Globular protein

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Globular proteins, or spheroproteins are one of the two main protein classes, comprising "globe"-like proteins that are more or less soluble in aqueous solutions (where they form colloidal solutions). This main characteristic helps distinguishing them from fibrous proteins (the other class), which are practically insoluble.

The term globin can refer more specifically to proteins including the globin fold.[1]

Contents

Globular structure and solubility

The term globular protein is quite old (dating probably from the 19th century) and is now somewhat archaic given the hundreds of thousands of proteins and more elegant and descriptive structural motif vocabulary. The globular nature of these proteins can be determined without the means of modern techniques, but only by using ultracentrifuges or dynamic light scattering techniques.

The spherical structure is induced by the protein's tertiary structure. The molecule's apolar (hydrophobic) amino acids are bounded towards the molecule's interior whereas polar (hydrophilic) amino acids are bound outwards, allowing dipole-dipole interactions with the solvent, which explains the molecule's solubility.

Globular protein is only marginally stable because the free energy released when the protein folded into its native conformation is relatively small. This is because protein folding requires entropic cost. As a primary sequence of a polypeptide chain can form numerous conformations, native globular structure restricts its conformation to a few only. It results in a decrease in randomness, although non-covalent interactions such as hydrophobic interactions stabilizes the structure.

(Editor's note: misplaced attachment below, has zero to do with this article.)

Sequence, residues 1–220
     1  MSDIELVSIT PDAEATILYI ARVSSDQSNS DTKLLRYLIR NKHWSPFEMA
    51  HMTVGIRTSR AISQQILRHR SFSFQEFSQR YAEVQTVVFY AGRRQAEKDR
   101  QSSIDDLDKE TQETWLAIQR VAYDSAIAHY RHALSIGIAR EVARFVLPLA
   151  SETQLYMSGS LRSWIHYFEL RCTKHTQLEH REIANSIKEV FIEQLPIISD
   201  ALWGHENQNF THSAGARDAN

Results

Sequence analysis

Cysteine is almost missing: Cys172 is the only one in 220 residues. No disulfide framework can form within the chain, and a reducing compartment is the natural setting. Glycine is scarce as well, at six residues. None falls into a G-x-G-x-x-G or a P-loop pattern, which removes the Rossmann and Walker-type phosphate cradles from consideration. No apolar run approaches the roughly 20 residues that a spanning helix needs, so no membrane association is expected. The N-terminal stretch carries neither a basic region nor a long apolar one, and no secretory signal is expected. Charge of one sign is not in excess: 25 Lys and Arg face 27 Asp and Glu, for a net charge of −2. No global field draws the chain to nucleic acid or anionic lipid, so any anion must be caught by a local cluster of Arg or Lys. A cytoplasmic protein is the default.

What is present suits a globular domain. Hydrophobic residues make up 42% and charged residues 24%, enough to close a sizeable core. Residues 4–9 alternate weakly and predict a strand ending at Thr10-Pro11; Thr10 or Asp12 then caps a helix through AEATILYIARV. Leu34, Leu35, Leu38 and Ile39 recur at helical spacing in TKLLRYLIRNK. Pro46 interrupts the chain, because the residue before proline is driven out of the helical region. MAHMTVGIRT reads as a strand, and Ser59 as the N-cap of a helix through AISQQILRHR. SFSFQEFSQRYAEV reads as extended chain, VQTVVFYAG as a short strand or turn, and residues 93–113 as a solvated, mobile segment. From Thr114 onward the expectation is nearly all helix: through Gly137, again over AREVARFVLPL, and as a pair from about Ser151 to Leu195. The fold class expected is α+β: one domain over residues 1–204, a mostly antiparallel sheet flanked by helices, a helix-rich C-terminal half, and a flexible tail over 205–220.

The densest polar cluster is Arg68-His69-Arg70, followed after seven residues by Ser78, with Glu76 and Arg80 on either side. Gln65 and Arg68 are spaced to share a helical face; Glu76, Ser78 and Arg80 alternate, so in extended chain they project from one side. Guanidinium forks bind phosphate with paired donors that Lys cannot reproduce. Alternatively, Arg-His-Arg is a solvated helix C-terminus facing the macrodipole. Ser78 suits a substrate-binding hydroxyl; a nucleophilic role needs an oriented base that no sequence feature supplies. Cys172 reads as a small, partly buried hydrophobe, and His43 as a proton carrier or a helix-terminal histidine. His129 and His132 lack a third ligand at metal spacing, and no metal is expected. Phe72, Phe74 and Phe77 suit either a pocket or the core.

Although it is still unknown how proteins fold up naturally, new evidence has helped advance understanding. Part of the protein folding problem is that several noncovalent, weak interactions are formed, such as Hydrogen bonds and Van der Waals interactions. Via several techniques, the mechanism of protein folding is currently being studied. Even in the protein’s denatured state, it can be folded into the correct structure. Globular proteins seem to have two mechanisms for protein folding, either the diffusion-collision model or nucleation condensation model, although recent findings have shown globular proteins, such as PTP-BL PDZ2, which fold with characteristic features of both models. These new findings have shown that the transition states of proteins may affect the way that it folds. The folding of globular proteins has also recently been connected to treatment of diseases and anti-cancer ligands have been developed which bind to the folded but not the natural protein. These studies in return have shown that the folding of globular proteins affects its function.[2]

Recall the second law of thermodynamics, the free energy difference between unfolded and folded state is contributed by enthalpy and entropy changes. As the free energy difference in globular protein results from folding into its native conformation is small, it is marginally stable, thus providing a rapid turnover rate and provide effective control of protein degradation and synthesis.

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